Sports column: Baseball opener unites fansMajor league baseball is back in stadiums across the country. America’s favorite pastime is now ready to be part of our cold spring evenings, warm summer nights and crisp fall afternoons and I, for one, couldn’t be more excited about it.
By: Sarah Packingham, For the Budgeteer News
Major league baseball is back in stadiums across the country. America’s favorite pastime is now ready to be part of our cold spring evenings, warm summer nights and crisp fall afternoons and I, for one, couldn’t be more excited about it.
The baseball season is long, really long. 162 regular season games that begin in March, and the season doesn’t come to an end until a champion is crowned in October. Baseball is a sport much unlike any other as it’s there for its fans almost every night of the week. It’s rare to have a night when you can’t find a baseball game to watch.
I know many sports fans, and when it comes to sports fans, there are none that are like baseball fans. Baseball is its own little world that means so much, to so many people.
A quote by former baseball commissioner A. Bartlett Giamatti describes the emotional connection the game has for so many: “[Baseball] breaks your heart. It is designed to break your heart. The game begins in the spring, when everything else begins again, and it blossoms in the summer, filling the afternoons and evenings, and then as soon as the chill rains come, it stops and leaves you to face the fall all alone. You count on it, rely on it to buffer the passage of time, to keep the memory of sunshine and high skies alive, and then just when the days are all twilight, when you need it most, it stops.”
Duluthian Lindsay Kern, an avid Bulldog hockey fan, said she considers herself a moderate baseball fan and a fan of the game for the return of spring.
“I do love sports but I’m more about the game environment — don’t ask me a single player’s name because I won’t be able to tell you,” she said. “Twins baseball is a sport that seems to unite the state and the start of the season means spring has to be near — even up here in the Twin Ports.”
Erick Perala isn’t a baseball fanatic but he does look forward to the Milwaukee Brewers opener each year and follows their season.
“I like the ups and downs of baseball games and the season as a whole,” he said. “With football I’m always at the edge of my seat. With baseball I can relax and enjoy a game but there are times where it sucks you in and gets you excited.”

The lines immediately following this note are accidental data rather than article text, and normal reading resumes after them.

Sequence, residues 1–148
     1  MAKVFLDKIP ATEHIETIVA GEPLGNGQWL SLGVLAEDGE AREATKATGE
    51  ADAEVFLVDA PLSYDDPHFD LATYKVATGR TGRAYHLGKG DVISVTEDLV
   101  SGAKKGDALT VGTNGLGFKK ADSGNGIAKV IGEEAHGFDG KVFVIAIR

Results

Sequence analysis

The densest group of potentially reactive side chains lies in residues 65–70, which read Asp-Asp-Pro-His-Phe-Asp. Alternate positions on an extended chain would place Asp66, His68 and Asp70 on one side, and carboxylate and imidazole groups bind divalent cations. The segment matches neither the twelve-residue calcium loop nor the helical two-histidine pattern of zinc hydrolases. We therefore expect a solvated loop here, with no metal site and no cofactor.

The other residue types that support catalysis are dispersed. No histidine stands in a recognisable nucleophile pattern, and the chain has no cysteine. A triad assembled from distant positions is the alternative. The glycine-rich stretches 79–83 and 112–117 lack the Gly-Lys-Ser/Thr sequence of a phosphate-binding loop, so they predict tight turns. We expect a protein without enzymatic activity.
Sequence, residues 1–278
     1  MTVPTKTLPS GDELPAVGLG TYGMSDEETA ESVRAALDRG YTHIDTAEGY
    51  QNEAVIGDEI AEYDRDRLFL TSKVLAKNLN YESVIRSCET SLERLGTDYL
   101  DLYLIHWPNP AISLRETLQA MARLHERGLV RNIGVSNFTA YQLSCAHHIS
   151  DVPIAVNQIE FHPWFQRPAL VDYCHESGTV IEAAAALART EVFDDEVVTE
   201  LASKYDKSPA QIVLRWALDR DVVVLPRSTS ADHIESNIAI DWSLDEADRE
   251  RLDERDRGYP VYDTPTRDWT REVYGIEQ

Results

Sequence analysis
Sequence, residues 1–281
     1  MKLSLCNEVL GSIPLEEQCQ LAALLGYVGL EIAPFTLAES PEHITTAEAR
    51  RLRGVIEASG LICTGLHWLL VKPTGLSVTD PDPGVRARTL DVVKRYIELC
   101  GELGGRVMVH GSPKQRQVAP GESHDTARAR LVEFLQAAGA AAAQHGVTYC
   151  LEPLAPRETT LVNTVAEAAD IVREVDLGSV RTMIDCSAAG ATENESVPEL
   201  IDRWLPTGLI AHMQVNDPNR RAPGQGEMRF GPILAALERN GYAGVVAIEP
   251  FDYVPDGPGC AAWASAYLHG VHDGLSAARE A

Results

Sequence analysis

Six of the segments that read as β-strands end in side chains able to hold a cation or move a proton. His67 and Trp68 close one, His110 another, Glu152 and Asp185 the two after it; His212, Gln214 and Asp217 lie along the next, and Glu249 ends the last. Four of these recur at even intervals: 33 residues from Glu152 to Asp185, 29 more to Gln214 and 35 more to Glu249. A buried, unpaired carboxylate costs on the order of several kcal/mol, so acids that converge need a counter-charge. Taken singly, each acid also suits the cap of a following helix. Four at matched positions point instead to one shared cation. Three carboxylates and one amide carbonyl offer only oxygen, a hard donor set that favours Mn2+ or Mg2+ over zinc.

Perala also knows what he’s going to find on TV for the next six to seven months.
While Perala isn’t always on the edge of his seat, Julie Geissler, a former Duluth Denfeld softball player may disagree.
“I just think baseball is such an exciting, action-packed game and the dynamics can change so much between April and October that it keeps fans on their toes,” Geissler said. “I love the passion that baseball fans share! And for us Minnesotans it signals that spring and summer are just around the corner.”
She considers the sport to be an addiction.
For some, introduced to the game by parents or grandparents or siblings, the start of the season is a reminder of the love that they shared with that family member.
“Growing up, I would go to games at Wade Stadium with my grandpa and it was something that just he and I would do,” Ashley Hoppe said.
Hoppe is also an avid football fan, but finds baseball to be different.
“What makes baseball so different, to me anyway, from any other sport is that the game can change in a blink of an eye — one play could change the course of the game,” she said. “One bad pitch or a missed catch changed the momentum in the opposition’s favor.”
On April 1, it was no joke as fans of local teams broke out their cold-weather gear and attended the Opening Day festivities at both Target Field in Minneapolis and Miller Park in Milwaukee.
Duluthian Sarah Packingham writes about sports for the Budgeteer. Contact her at email@example.com.